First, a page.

A friend! I'm not sure whether to thank her or curse her, haha! She was a bodybuilding competitor herself, and offered to coach me through a short fat loss diet in 2010. This was before I really knew what competitive bodybuilding was. I hadn't ever considered doing it. I was still doing endurance sport at that time (distance running and triathlons). I followed the plan she gave me to the letter and dropped a decent amount of body fat. And what it revealed was a balanced and symmetrical frame with a good amount of muscle (considering I had never trained for hypertrophy). She made a throwaway comment that my natural shape and symmetry was just what bodybuilding judges look for. I took the idea and ran with it! I had zero knowledge about natural bodybuilding. I did a lot of research, contacted people within the sport, learned to pose (...some people who were at my first show might argue that point) and went for it! I only ever intended to do one show. To be honest I didn't think I'd enjoy it, especially the free posing bit where you are by yourself posing to music. But I loved it. And I won... and got invited to the British... then the same happened with another Organisation. So, that was 2011! Bodybuilding, all in.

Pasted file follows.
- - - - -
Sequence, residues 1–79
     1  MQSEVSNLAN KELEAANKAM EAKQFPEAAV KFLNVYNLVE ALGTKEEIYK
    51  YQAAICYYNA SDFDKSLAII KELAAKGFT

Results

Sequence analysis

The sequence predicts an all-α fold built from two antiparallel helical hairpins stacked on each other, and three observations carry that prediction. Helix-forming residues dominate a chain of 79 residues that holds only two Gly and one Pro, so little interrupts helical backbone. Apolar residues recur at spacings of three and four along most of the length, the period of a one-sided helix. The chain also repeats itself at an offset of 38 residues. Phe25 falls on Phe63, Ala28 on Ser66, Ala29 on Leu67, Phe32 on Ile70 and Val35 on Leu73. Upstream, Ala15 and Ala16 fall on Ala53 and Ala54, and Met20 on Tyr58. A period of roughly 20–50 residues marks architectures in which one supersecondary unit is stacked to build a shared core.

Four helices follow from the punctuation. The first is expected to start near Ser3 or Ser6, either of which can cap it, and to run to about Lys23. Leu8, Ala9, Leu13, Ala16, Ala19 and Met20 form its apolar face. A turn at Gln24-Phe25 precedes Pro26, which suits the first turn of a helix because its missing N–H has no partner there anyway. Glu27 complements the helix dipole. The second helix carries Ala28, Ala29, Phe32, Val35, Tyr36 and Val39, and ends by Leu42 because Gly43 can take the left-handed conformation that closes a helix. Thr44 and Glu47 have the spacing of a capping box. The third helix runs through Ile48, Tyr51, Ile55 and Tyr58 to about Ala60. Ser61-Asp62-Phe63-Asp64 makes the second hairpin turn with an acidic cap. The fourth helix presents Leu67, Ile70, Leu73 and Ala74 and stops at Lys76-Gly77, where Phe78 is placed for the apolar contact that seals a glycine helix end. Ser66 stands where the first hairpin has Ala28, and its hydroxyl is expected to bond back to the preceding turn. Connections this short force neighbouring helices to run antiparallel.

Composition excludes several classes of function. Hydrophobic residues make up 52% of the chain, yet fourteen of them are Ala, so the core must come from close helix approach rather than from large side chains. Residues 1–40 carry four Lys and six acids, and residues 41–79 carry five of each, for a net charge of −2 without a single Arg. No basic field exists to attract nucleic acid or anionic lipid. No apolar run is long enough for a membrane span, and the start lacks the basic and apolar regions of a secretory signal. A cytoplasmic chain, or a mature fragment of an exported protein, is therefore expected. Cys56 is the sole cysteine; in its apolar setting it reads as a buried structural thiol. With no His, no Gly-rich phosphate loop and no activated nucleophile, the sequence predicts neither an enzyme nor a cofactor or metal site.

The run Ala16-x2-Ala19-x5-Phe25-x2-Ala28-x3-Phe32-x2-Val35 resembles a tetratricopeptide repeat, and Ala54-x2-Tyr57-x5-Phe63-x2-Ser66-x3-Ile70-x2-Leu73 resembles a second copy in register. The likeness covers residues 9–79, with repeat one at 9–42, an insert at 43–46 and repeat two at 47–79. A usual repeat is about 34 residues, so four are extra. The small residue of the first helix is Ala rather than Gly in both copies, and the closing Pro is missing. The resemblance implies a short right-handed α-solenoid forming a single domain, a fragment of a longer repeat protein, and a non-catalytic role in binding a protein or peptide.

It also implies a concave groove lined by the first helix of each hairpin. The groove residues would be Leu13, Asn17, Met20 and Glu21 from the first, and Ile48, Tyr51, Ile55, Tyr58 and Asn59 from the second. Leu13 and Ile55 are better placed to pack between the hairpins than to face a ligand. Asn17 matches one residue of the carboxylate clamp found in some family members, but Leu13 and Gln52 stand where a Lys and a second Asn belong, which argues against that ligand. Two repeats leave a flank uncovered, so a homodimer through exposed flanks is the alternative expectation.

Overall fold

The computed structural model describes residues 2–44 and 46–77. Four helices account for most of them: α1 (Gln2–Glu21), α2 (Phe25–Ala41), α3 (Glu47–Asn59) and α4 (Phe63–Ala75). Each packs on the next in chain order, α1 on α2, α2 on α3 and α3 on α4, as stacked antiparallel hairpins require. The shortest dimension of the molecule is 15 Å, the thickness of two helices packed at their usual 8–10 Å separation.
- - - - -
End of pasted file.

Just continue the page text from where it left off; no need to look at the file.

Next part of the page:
Aside from physically (!), how do you think competing at the upper levels in this sport has changed you as a person?

I think bodybuilding - like any challenging solo sport - highlights your strengths and your weaknesses. I don't think it changes you, but it brings certain aspects into the spotlight for you to examine and come to terms with. Bodybuilding strips you right back, and reduces you to your best - and your worst.

Nicola Joyce Deadlift

I think bodybuilding showed me how strong I am, what I am capable of, and how I cope (or don't) under extreme pressure. Once you've got through a bodybuilding prep, you realise you can pretty much get through anything if you set your mind to it. I am now much more aware of what my personal "red flag" warning signs are. I know what I can deal with, and what is too much. Bodybuilding takes unwavering resolve, steely determination, and the ability to be selfish without driving everyone away! But it's the bit after the competition that's most interesting, if you ask me.